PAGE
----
he gist of her framework is hard to argue. It calls for a renewed focus on learning, a school system that makes curriculum consistent across the district and better measures student and teacher performance. In sum, it is a back-to-basics approach that does not require new money, at least for now.
Madison, of course, has been grappling with its changing demographics where many students, especially minority children, struggle academically. In shorthand, it’s called the “achievement gap,” and the approach to date has been a long list of seemingly laudable, logical programs.
Now comes Cheatham saying we don’t need more money, at least not yet, but instead we need to rebuild the foundation. Might some see that as counterintuitive, I wonder?
“It might be,” she responds. “My take is that we were adding on with a big price tag to an infrastructure that was weak. … Does that make sense? The bones of the organization were weak and we didn’t do the hard work of making sure that the day-to-day processes … were strong before deciding to make targeted investments on top of a strong foundation.”
She continues: “That doesn’t mean that there won’t be some targeted investments down the line. I suspect that will be in things like technology, for instance, which is a real challenge … and is going to have a price tag later. I need to make sure that the foundation is strong first.”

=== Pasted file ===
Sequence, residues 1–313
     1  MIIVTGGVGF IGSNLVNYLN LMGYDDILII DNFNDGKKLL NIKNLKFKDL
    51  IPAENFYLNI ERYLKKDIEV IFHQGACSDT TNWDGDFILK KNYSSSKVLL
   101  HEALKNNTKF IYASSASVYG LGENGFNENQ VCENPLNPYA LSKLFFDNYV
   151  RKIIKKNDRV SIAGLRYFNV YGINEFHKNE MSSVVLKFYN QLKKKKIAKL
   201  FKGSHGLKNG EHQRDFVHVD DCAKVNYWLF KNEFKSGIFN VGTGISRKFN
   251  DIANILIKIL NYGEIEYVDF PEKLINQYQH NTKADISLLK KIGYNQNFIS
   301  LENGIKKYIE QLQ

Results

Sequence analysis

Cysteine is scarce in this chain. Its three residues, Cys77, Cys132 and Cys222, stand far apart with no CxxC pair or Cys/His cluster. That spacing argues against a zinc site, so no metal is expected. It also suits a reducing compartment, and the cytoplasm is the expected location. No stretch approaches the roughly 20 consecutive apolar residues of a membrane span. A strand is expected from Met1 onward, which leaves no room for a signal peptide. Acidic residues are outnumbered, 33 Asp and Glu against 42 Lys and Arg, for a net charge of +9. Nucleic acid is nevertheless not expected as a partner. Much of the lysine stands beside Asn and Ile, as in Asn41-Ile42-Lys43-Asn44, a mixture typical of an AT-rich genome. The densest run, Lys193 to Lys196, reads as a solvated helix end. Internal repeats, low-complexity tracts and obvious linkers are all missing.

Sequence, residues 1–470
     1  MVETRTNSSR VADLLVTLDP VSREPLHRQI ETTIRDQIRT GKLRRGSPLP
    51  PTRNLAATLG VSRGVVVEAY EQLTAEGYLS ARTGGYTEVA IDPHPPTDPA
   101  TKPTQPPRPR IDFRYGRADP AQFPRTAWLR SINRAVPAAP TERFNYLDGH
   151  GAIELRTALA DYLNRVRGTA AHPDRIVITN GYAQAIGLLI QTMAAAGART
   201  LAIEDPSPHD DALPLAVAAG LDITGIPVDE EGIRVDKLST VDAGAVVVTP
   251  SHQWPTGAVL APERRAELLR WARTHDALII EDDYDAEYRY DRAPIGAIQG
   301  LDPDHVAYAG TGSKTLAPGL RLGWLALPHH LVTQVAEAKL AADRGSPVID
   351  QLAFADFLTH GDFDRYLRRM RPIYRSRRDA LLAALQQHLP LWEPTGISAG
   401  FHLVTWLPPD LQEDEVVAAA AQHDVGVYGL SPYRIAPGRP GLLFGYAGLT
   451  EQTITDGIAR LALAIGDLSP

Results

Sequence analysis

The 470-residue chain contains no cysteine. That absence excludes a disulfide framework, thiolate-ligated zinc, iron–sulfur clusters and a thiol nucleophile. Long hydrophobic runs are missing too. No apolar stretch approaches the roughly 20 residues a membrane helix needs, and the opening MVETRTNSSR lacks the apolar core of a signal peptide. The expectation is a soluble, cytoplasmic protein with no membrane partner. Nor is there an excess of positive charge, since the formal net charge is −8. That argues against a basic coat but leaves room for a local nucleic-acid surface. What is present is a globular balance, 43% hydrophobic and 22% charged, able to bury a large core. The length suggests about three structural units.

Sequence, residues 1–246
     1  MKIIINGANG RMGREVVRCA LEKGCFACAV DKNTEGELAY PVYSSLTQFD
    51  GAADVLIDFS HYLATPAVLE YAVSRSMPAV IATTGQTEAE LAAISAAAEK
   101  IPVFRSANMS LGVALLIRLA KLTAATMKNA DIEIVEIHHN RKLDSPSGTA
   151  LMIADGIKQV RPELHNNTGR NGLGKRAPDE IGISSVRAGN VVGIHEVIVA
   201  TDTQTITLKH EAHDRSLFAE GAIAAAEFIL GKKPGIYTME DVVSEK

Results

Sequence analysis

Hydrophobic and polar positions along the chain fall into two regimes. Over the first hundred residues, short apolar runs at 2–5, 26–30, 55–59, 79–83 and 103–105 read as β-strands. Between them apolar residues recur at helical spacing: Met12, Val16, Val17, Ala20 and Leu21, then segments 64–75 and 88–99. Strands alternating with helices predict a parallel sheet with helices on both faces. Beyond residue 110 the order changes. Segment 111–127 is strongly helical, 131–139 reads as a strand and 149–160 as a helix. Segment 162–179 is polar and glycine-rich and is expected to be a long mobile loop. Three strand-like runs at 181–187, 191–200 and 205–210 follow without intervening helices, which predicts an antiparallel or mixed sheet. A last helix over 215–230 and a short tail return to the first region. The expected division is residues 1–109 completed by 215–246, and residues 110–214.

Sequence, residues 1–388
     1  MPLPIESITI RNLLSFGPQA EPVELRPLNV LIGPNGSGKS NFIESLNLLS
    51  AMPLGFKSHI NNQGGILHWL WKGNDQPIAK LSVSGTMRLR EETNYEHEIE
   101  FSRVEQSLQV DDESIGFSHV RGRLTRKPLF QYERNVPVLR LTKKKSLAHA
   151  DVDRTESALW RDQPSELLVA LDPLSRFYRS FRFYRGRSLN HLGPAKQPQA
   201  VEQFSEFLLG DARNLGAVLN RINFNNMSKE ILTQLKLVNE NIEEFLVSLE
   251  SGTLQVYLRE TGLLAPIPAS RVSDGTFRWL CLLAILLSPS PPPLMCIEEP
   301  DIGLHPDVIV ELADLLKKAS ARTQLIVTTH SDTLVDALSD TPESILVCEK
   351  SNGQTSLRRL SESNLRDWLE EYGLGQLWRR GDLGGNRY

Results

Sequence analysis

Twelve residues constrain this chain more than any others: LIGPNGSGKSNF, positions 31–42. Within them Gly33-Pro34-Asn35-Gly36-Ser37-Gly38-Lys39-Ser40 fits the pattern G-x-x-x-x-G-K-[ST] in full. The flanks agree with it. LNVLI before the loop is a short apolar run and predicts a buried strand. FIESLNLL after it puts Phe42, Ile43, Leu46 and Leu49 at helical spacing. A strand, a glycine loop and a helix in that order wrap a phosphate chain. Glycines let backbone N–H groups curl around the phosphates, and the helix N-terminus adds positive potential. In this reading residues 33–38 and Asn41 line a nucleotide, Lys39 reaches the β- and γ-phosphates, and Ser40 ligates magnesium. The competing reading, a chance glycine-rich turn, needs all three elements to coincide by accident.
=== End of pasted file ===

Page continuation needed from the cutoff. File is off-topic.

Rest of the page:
Cheatham alludes to her Chicago experience. “Having worked with lots of schools — and lots of schools that have struggled — and worked with schools targeting narrowing and closure of the achievement gap, these fundamental practices” make the biggest difference. “It’s that day-to-day work that ultimately produces results and student learning.”
We shall see. Local media have greeted prior Superintendents, including Cheryl Wilhoyte with style points, prior to the beginning of tough decision-making.
Related: The Dichotomy of Madison School Board Governance: “Same Service” vs. “having the courage and determination to stay focused on this work and do it well is in itself a revolutionary shift for our district”.
Another interesting governance question, particularly when changes to the 157 page teacher union contract, or perhaps “handbook” arise, is where the school board stands? Two seats will be on the Spring, 2014 ballot. They are presently occupied by Marj Passman and Ed Hughes. In addition, not all members may vote on teacher union related matters due to conflict of interests. Finally, Mary Burke’s possible race for the Governor’s seat (2014) may further change board dynamics.
I hope that Superintendent Cheatham’s plans to focus the organization on teaching become a reality. Nothing is more important given the District’s disastrous reading results. That said, talk is cheap and we’ve seen this movie before.